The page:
Indeed, computing is a high priority area for growth in Wales. The future supply and demand for science, technology and mathematics graduates is essential if Wales is to compete in the global economy.
It is therefore vitally important that every child in Wales has the opportunity to study computer science.
Leighton Andrews AM, Minister for Education and Skills (June 2012)
As co-chair of the Welsh Government’s ICT Steering Group, announced in January to consider the future of ICT and computer science in Welsh schools, we are currently inviting stakeholder views as part of a wider open consultation.
Please participate by completing the official online survey (available in English and Welsh) by Friday 10th May 2013.
|1.||↔||University of Cambridge||(1st)|
|2.||↑||Imperial College London||(3rd)|
|3.||↓||University of Oxford||(2nd)|
|4.||↑||University of Glasgow||(9th)|
|5.||↓||University of Bristol||(4th)|
|6.||↑||University of Exeter||(15th)|
|7.||↑||University of Birmingham||(16th)|
|8.||↓||University College London||(6th)|
|9.||↑||University of York||(10th)|
|10.||↓||University of Warwick||(8th)|
As always, the rankings for Wales institutions in Computer Science were of particular interest to me:
|76.||↓||University of Glamorgan||(63rd)|
|89.||↓||Cardiff Metropolitan University||(88th)|
N.B. no data was available for Swansea Metropolitan University or the University of Wales Trinity Saint David (who merged in 2012), or for the University of Wales, Newport (who recently merged with the University of Glamorgan to form the University of South Wales.
The Complete University Guide’s methodology for the subject league tables are based on four measures: Student Satisfaction, Research Assessment, Entry Standards and Graduate Prospects. To qualify for inclusion in a subject table, a university has to have data for at least two of the four measures; a blank in the Entry Standards and Graduate Prospects columns is not a zero score but rather denotes that no valid data were available.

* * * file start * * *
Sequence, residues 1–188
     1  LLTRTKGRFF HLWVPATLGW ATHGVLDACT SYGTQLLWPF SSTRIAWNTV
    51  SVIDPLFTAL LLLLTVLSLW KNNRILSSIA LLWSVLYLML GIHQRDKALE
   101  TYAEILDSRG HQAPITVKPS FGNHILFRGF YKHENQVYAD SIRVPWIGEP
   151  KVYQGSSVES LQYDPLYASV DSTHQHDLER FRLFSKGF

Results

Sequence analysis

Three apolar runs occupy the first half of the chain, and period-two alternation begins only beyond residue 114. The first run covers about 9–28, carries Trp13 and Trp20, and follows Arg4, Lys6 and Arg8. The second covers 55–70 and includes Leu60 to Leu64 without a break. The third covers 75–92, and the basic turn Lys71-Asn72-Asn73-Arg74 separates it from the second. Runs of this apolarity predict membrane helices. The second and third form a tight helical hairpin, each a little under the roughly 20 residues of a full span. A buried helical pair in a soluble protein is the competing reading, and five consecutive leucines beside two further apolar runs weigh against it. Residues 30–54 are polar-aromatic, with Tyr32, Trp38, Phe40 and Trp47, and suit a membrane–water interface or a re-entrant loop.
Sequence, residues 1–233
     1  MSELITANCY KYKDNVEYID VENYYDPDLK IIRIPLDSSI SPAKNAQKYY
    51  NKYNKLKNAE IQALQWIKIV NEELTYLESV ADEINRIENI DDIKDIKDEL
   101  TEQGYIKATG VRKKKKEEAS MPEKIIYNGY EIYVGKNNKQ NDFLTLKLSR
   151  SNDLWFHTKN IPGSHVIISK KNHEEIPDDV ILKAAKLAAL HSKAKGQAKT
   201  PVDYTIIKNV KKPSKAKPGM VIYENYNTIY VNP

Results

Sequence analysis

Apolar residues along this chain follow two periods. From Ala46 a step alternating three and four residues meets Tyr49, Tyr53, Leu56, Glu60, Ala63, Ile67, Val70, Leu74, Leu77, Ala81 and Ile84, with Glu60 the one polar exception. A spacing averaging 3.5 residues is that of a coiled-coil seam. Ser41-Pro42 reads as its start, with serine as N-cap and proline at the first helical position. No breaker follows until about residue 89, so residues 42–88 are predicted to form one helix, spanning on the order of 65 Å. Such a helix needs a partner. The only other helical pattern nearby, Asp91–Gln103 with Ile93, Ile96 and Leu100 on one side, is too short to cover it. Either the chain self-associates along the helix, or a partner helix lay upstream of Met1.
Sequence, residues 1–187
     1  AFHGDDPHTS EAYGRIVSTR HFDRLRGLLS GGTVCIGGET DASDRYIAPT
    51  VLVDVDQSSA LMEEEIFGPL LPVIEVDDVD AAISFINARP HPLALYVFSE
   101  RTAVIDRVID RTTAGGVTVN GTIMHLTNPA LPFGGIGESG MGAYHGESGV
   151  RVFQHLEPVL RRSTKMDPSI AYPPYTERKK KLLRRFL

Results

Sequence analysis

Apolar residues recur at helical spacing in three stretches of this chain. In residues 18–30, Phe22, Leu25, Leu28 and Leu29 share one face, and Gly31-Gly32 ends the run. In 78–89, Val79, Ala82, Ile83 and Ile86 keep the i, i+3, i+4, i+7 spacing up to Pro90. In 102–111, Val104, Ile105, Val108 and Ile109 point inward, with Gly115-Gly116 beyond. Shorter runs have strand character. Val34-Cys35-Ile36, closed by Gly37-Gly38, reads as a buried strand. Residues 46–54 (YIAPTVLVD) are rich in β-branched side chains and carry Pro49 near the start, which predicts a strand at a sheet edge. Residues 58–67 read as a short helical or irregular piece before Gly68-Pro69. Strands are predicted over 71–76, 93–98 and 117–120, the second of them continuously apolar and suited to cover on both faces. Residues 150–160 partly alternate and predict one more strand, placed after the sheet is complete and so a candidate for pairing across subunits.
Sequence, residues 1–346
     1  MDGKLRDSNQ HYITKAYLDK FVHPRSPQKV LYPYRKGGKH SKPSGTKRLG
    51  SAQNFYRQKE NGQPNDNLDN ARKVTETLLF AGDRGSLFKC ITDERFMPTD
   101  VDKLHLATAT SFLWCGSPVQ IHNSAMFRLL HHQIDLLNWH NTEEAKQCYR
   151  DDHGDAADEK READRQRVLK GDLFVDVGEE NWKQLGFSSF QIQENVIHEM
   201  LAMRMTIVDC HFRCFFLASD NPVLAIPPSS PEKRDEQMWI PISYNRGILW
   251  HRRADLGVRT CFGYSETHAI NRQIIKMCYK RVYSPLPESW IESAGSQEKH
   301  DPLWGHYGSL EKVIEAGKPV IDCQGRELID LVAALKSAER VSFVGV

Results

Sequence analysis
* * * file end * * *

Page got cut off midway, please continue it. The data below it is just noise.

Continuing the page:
With the impending start of the 2014 university guide season, here’s an aggregation of the four main UK university guides in 2013 for Computer Science:
Watch Barack Obama’s recent Google+ Hangout, in which he discusses the importance of computer science in preparing the USA’s future workforce, in association with the ACM (following on from a successful CSEdWeek in December).
A very clear message about teaching computer science and programming at high school, to develop creators and not just consumers of technology:
(N.B. Obama seems fairly comfortable with computer science, as this interview with Eric Schmidt from 2008 highlights…)
Last week was an exceptional week for computer science education in the UK: Google donating 15,000 Raspberry Pis to UK schoolchildren, Microsoft calling for computer science to be taught from primary school, the Department for Education including computer science in the EBacc as the “fourth science” and UCAS 2013 entry statistics showing the highest increase in total applications for Computer Sciences (up 12.3%). This follows on from the launch of the CAS Network of Computer Science Teaching Excellence in September, the publication in November of the draft ICT Programme of Study for England and the announcement in January of a review of the ICT curriculum in Wales, reporting back in June.
So it appears we’ve sold the rigorous academic discipline of computer science; but not to simply increase the supply of programmers for the IT industry or to get more people to study computer science at university — the rationale has always been based upon computer science being of wider educational value to everyone, in the same way as we value physics and mathematics. But after a discussion with Pete Yeomans (@ethinking) at the CAS fringe event at Bett 2013 last week, it appears that we are now facing a more subtle and refined challenge:
We need to do more than ‘sell’ computer science as a discipline…we need to sell what it feels like to be/think like a computer scientist.
— Dr Tom Crick (@DrTomCrick) January 31, 2013
This is the real marketing challenge: to truly change the wider perception of the discipline, we now have to sell what it really means to be a computer scientist, how to think like a computer scientist and the universal potential of this mindset.
And everyone needs to understand and value this.
A great clip from Tomorrow’s World, first broadcast in 1969, of Nellie: “a computer set to revolutionise the classroom“. In this clip, the boys of Forest Grammar School in Berkshire demonstrate how Nellie can be programmed to solve mathematical equations and play music, as well as the importance of computer maintenance…